it's a tough call. I don't believe you could go wrong with either. If you needed HDSDI and T/C, then it's a no-brainer. Get the G1. But since you're a one-man's back to the tough call.
Wish i could be more helpfup. :-)
Douglas Spotted Eagle/Spot
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Old April 23rd, 2007, 09:13 AM   #3
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Something that may help influence the decision (that I've inferred from other posts) is your style of shooting. The V1U has a lot of stuff in menus. I think, in a run-and-gun style, you'll need to plan out your running and gunning as much as possible and setup your profiles/presets/etc., accordingly. If you're doing more fixed shoots (tripod, or handheld where conditions don't really change), then the menu-driven interface won't get in the way.

I can't speak for the Canon XH-A1/G1, not having physically held one....but that iris ring sure was tempting...but in the end, there's not a whole lot of difference between a focus ring, zoom ring, iris ring vs. a focus ring, zoom ring, and iris dial. Now if only I could remember which way to turn the dial...

Just my opinion. Here's another thing (DSE alluded to): I have a bunch of L-series batteries laying around. Plus, I can buy extras at Wal-m...umm, Target. So, Sony it is!

I wanted to hold out for the XDCAM EX, with almost everything (apparently) controlled by buttons and switches. Unfortunately, I won't have a computer to take advantage of the format until next spring, and I needed the camera this spring....

Oh, well.
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Old April 23rd, 2007, 01:30 PM   #4
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Hi Wendell,

I'm in the same boat. I've been lurking around this forum for a few months trying to get as much info as possible. Just like you I'm still undecided between the A1 & V1 but for the past few days I've been leaning towards the V1. I love the menus on the A1 but I'm not crazy about the 2.5 LCD and weight it's a little too heavy for me. I know I have to make up my mind before June 15th to get the rebate but I'm sure that whichever camera I get I will be happy compared to what I've been using all these years.

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Old April 23rd, 2007, 02:42 PM   #5
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The form factor alone is a huge reason why I love the V1U and did not consider the Canon camcorders.
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Old April 23rd, 2007, 11:12 PM   #6
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Thank you for all the opinions. So far I've been slowly leaning towards the V1 as I just seem to like the form factor of the camera and the V1 community here is great to rely upon. But however I'm just worried about the low light performance. I'm worried that during a reception or during the dance competition I would have to bump up the gain and not get a good clean picture. However if anyone of you think that the low light performance is not that big an issue; I mean if it's comparable to a non gain DVX100 (I shot no gain all the time with the DVX), than I shoud be fine with the V1. I do am worried about the rolling shutter issue but as people have said, you really have to go to extremes to exploit it and that you won't see it under normal shooting conditions. One other thing that bothers me though is the 24P workflow for the Mac. I know the A1 is supported but so far Apple hasn't said anything about the V1 yet and I'm not sure when I will be upgrading to FCP Studio 2. These little quibbles have been holding me back. I feel like sometimes I want to get an A1 because from reading the Canon forums, it looks like very few users complain about anything major wrong with the camera. However in the V1 side, I see alot of threads about "rolling shutter", "oil paint effect", "FCP incompatibilities", "low light", etc. Seems to make a potential buyer worried :)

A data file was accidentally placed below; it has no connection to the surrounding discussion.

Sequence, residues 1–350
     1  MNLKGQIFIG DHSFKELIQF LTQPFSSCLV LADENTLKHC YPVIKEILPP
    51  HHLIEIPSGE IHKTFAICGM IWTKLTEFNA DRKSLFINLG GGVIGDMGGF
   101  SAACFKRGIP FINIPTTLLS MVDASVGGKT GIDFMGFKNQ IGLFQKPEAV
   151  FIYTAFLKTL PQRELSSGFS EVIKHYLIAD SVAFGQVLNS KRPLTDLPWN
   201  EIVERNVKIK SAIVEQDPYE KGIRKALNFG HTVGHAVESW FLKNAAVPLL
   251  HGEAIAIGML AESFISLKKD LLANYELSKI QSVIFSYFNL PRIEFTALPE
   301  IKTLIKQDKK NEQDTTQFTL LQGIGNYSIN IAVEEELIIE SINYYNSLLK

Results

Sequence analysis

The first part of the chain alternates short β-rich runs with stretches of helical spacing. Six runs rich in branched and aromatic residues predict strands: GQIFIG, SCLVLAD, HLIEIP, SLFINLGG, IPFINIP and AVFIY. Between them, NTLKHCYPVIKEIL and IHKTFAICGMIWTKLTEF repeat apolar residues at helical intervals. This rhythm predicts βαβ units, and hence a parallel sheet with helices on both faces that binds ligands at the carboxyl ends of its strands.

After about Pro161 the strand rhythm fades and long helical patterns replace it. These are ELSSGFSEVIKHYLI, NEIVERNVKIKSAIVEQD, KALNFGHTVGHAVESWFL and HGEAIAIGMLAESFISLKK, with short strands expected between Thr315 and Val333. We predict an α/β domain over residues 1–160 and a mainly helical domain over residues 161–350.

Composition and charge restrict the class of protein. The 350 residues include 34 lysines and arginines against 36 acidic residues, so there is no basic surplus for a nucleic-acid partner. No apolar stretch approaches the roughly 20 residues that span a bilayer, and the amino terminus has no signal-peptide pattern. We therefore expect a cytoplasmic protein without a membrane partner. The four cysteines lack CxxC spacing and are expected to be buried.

Douglas - I really appreciate all the info you gave, like you said, it is a tough decision. Your review was the first one I read of the V1 and that convinced me back then to buy one. One question, as of now, which camera do you prefer using?

Matt - Thanks for the advice also, all my shoots are mixed, hahaha. But I did read from Steve Mullen's articles that the V1's LCD is a pleasure to use compared to the A1. And also that it has a helpful histogram to help you along with your shots.

Kajito and Craig- Yes your both right, hahaha, it's been a tough call to make between these two! However I do like the form factor of the V1 better, it weighs less and seems to fit more for just grabbing the camcorder and going out and recording without having to setup a tripod, etc. Seems like a camcorder I can use more often.

In all thank you again for the suggestions, if anyone else has any answers for any of my questions I had first posted about, I would greatly appreciate it. I'm looking to narrowing down my decision by the end of this week (gotta film a wedding on May 5th!).
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Old April 24th, 2007, 12:23 AM   #7